By 1688, Britain had moved to be governed more directly by its parliament, but the royal sovereign remained in place through what is known as a “constitutional monarchy”—a system still in place today.

Foundational Ideas of American Politics

Though revolutionary at the time, America’s political system was founded on centuries-old ideas about individual freedoms and liberties.

The Magna Carta of 1215 laid the groundwork for political rights in Britain, establishing the principle that everyone, including the king, was subject to the law, had the right to a fair trial, and should be protected against arbitrary imprisonment.

These ideas were further developed in the English Bill of Rights of 1689, which enshrined limits to the government’s power and individual rights. This was influenced by the Enlightenment philosophy of John Locke. Locke held that all individuals had the fundamental rights to life, liberty, and property, and that these rights could not be taken away by a government, which should rule only by consent of the people.


America’s Declaration of Independence went on to adopt this philosophy as its founding principle of government. It asserted that “all men are created equal”, endowed with unalienable rights including life, liberty, and pursuit of happiness.

Constitution: Structure and Powers


The American Constitution, ratified in 1788, is the fundamental law of the United States, and sets out the structure and powers of the federal government.

One of the key features of the Constitution is the mandate that each branch of government should have its own separate powers and responsibilities.

The Constitution is divided into seven articles, each of which outlines a different aspect of the federal government. Article I establishes the legislative branch, which is responsible for making the laws of the United States. Article II creates the executive branch, which is responsible for enforcing the laws. Article III establishes the judicial branch, which is responsible for interpreting the laws and resolving disputes.

This is accompanied by a system of checks and balances to ensure that no one branch becomes too powerful. Each branch of government has the power to check or limit the actions of the other branches.

Amendments and the Living Constitution

The American Constitution is a living document, and has been amended several times since its ratification in 1788. An amendment is a change to the original text of the Constitution that can be proposed by Congress or ratified by three-fourths of the states.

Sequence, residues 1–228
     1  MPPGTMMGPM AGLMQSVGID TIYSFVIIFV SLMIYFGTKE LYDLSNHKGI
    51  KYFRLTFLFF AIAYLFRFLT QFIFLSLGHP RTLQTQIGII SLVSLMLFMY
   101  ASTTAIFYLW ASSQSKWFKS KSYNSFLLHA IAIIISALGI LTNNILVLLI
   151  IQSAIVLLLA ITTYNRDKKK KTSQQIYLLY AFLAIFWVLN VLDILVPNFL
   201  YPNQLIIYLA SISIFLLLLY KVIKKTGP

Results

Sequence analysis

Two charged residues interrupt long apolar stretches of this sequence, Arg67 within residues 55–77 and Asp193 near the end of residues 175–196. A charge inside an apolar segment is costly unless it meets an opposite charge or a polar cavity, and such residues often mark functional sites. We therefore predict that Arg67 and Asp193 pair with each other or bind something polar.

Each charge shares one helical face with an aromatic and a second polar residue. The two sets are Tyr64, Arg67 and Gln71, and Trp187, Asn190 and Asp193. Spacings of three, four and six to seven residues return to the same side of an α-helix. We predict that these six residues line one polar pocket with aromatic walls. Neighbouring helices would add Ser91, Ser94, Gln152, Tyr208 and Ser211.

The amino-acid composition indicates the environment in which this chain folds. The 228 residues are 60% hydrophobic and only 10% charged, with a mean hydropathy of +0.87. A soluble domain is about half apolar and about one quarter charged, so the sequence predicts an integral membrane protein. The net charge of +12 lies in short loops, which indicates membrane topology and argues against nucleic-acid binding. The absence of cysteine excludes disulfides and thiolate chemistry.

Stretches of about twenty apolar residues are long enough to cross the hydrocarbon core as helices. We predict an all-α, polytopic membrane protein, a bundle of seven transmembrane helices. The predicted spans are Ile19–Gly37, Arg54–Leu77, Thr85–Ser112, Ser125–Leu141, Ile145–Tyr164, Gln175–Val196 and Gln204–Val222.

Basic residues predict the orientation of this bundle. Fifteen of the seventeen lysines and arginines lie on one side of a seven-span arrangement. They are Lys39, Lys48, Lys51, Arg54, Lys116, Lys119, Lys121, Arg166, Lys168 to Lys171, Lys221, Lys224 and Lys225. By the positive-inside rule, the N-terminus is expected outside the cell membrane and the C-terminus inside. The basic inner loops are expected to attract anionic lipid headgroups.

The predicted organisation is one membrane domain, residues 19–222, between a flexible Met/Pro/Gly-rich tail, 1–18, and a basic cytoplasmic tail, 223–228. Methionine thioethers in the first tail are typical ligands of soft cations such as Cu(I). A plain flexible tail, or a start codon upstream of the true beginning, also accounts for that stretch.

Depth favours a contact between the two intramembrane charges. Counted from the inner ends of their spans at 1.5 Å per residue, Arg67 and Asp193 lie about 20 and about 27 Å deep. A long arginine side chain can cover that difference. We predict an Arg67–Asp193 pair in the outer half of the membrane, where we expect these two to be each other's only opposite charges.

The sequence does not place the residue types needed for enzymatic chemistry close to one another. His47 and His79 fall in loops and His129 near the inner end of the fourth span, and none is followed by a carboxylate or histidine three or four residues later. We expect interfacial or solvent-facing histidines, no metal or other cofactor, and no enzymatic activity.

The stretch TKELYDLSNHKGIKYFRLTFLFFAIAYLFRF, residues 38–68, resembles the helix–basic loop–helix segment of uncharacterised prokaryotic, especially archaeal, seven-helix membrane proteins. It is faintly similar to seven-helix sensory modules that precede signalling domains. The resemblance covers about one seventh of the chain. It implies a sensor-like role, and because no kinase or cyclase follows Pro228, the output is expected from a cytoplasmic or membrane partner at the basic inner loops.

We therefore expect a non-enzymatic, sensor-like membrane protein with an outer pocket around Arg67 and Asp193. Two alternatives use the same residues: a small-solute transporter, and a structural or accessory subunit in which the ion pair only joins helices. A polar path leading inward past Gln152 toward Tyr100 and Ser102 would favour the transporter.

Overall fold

The first ten amendments, known as the Bill of Rights, were added in 1791 and guarantee certain basic rights such as freedom of speech and religion; protection against unreasonable search and seizure; due process; equal protection under law; right to bear arms; prohibition on cruel or unusual punishment.

Since then, there have been over twenty additional amendments passed which further clarify these rights or expand them to include new groups such as women in the 19th Amendment (1920), and the 13th Amendment abolishing slavery (1865).

Second Amendment: Origins and Controversy

One of the most controversial additions to the Constitution is the Second Amendment of 1791. It states that “A well regulated Militia, being necessary to the security of a free State, the right of the people to keep and bear Arms, shall not be infringed”.

The purpose of the Amendment was to guarantee citizens a means of self-defense and ability to mobilize against external threats or a tyrannical government.

Some have argued, however, that it is due to this Amendment that the USA accounts for over 70 percent of mass shootings globally. Critics hold that the framers of the Constitution could not have anticipated the development of advanced weaponry such as assault rifles and high-capacity magazines, widely available to Americans due to second amendment rights.

Such a case highlights the difficulty of abiding by a document now written over two centuries ago. While it provides a strong foundation for American democracy, it cannot account for all the technological advancements and societal changes that have occurred since its inception.

Political Factions and Party Evolution

The Constitution established a system of government that created opportunities for political factions to organize and advocate for their interests, and for political leaders to form coalitions to advance their agendas.

Early political factions included Federalists, who favored a strong central government, and Anti-Federalists, who supported a weaker government with greater state autonomy.

In the 19th century, various factions evolved to become the two political parties that dominate today: the Republicans and the Democrats.

The two parties have undergone significant changes over the years. During the Civil War, the Republican Party was the party of Abraham Lincoln and the Union, and the northern states, while the Democratic Party was associated with the Confederacy and the South.

In the 20th century, the two parties shifted their focus to economic issues. The Democratic Party became associated with progressive policies and government intervention in the economy, while the Republican Party became associated with conservative policies and limited government.